Appearing as the eponymous heroine's beloved, Mario Cavaradossi, in the production's first night at the open-air arena in Macerata last week, he was stretchered off near the end of the opera after being hit in the leg by debris from blanks fired in the execution scene.
For Friday night's performance, the tenor bravely hobbled back on stage - then fell and broke his other leg in two places while standing in the wings at the end of the first Act. He returned to hospital by ambulance, commenting from his stretcher: "Could it be that I am destined never to leave this theatre on my own two feet?"
He told RAI state television: "It was incredibly bad luck. I put my foot down wrong." His injury will keep him out of action for two months. Earlier he had said he had resumed his role so as not to disappoint the fans at Macerata, whose festival is a highlight of Italian summer opera.
Armiliato's shooting was a grimly appropriate conclusion to an opera that has suffered more than its fair share of mishaps down the years. Indeed, in the context of the opera itself, the death of Mario is something of a mishap, since both he and Tosca believe that the rifles aimed at him are not loaded and that their salvation is nigh once the mock execution is over.
It can't have helped Armiliato's mood, as his legs gave way beneath him, to hear his co-star sing one last line about how convincingly he had just faked his own death. Fiction became hopelessly entangled with reality - and not for the first time in a production of Tosca.
Back in the 1920s, at the Met in New York, the knife with which Tosca (Maria Jeritza) murders the evil Baron Scarpia (Antonio Scotti) at the end of Act II failed to retract and the singer was stabbed. During the famous Covent Garden production of 1965, Maria Callas's hair caught fire while she was singing the title role and had to be put out by a quick-witted Scarpia, played by Tito Gobbi.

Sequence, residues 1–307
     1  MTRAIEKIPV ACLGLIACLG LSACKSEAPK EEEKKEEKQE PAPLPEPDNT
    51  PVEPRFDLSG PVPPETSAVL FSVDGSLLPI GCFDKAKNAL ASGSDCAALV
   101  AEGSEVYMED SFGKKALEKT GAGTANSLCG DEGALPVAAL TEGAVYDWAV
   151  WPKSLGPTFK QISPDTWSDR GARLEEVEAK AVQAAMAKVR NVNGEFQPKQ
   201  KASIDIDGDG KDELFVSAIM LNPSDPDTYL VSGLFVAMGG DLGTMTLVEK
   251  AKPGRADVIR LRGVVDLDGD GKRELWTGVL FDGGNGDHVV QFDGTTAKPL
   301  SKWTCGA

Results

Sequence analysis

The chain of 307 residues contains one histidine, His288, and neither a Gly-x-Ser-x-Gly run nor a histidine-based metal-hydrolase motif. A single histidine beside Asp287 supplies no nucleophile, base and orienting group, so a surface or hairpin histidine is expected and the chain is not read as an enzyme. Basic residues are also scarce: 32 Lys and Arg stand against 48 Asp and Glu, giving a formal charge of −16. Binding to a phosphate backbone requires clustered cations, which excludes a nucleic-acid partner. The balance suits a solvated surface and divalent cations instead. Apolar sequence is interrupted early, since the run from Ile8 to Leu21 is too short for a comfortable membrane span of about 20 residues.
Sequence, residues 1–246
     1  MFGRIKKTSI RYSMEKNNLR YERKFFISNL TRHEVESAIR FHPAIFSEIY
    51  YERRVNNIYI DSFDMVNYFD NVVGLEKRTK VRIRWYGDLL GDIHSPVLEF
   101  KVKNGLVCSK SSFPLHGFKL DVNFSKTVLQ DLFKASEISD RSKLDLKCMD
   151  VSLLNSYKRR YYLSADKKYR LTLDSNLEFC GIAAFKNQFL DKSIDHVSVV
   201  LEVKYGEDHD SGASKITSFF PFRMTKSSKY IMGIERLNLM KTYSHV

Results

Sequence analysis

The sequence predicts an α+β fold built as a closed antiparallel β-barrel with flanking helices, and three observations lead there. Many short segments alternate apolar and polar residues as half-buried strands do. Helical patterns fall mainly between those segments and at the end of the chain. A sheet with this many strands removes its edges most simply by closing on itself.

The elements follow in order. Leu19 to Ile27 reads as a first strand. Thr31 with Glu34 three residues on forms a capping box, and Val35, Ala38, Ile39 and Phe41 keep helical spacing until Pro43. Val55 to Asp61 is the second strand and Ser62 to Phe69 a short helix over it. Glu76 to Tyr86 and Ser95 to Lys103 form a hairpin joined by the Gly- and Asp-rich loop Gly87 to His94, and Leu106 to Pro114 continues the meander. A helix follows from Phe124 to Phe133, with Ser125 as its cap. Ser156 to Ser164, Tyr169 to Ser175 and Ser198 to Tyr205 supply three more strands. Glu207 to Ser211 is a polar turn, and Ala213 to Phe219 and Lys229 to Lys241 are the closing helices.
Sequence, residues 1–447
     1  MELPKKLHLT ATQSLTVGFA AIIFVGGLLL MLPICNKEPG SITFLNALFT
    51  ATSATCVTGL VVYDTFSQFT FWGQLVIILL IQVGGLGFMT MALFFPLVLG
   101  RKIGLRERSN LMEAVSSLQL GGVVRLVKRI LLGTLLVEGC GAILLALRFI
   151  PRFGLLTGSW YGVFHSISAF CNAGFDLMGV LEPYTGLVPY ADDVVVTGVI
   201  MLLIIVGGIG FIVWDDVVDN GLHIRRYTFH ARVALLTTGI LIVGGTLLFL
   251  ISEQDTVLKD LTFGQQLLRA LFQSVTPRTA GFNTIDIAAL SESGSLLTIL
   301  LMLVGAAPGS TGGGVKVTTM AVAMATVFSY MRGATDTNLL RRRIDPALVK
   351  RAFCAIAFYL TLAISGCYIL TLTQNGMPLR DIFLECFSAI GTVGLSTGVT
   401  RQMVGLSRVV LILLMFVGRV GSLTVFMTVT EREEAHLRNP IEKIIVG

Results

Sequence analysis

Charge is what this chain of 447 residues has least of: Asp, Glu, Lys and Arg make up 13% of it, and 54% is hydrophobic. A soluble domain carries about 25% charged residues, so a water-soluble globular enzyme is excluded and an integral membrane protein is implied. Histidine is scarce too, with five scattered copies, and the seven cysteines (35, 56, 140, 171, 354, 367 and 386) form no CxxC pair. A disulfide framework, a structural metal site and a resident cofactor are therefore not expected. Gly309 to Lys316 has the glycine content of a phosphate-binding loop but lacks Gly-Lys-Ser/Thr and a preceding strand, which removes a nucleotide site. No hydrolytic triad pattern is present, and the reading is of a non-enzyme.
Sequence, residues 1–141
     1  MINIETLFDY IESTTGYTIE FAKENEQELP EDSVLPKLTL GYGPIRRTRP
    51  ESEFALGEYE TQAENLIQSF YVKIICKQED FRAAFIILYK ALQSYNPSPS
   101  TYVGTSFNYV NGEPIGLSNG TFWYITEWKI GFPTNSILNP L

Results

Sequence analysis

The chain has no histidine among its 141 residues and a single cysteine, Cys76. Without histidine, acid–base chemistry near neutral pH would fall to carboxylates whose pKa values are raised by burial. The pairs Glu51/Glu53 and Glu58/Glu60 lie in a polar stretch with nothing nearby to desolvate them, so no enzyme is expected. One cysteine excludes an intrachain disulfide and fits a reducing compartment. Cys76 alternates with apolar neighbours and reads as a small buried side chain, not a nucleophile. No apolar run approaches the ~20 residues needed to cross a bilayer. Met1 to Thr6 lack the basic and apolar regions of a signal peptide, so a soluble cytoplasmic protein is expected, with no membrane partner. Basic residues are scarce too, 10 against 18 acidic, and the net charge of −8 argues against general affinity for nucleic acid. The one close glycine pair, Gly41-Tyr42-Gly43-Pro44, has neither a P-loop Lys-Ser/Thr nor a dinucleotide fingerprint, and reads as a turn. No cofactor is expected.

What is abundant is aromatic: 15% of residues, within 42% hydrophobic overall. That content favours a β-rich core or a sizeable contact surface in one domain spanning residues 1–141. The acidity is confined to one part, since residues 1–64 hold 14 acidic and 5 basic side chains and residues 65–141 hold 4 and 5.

The firing squad scene has caused problems before now. Also in 1965, at Rome's Caracalla Baths, the gunfire scorched Gianni Raimondi's face.
A rather different mishap occurred in a previous Macerata festival, when the sound effects failed and the rifles made no noise. Next day a local paper wrote: "Cavaradossi dies of a heart attack."
Any number of calamities have attended the final moment, when Tosca flings herself off the ramparts, supposed to be those of the Castel Sant'Angelo in Rome. Legend has it that one particularly portly soprano in the 1920s landed on the offstage trampoline and bounced straight back up in full view of the audience. More seriously, the American singer Elisabeth Knighton Printy jumped off the wrong side of the stage in St Paul, Minnesota, two years ago and plunged more than 30ft to the ground, breaking both legs.
Going to the opera is such a respectable pursuit that there is something strangely heartening about such stories of disaster and incompetence. Yet all the ingredients for unexpected catastrophes, from high emotion to low cunning, are right there in the genre itself. Tosca is far from the only casualty. Indeed, Fabio Armiliato himself was in hospital once before, after a sword pierced his foot during a production of Carmen.
He has many illustrious precedents. At a performance of Rigoletto in Chile in 1970, as the tenor Louis Quilico threw his head back to start singing, a feather floated down from the rafters straight into his mouth. He passed out without uttering a sound.
Rather higher drama was on offer in Montevideo in 1934 when an orchestra member pulled out a gun and killed the conductor in mid-performance. It turned out that the conductor, Franco Paolantonio, had been sleeping with his wife.Reuse content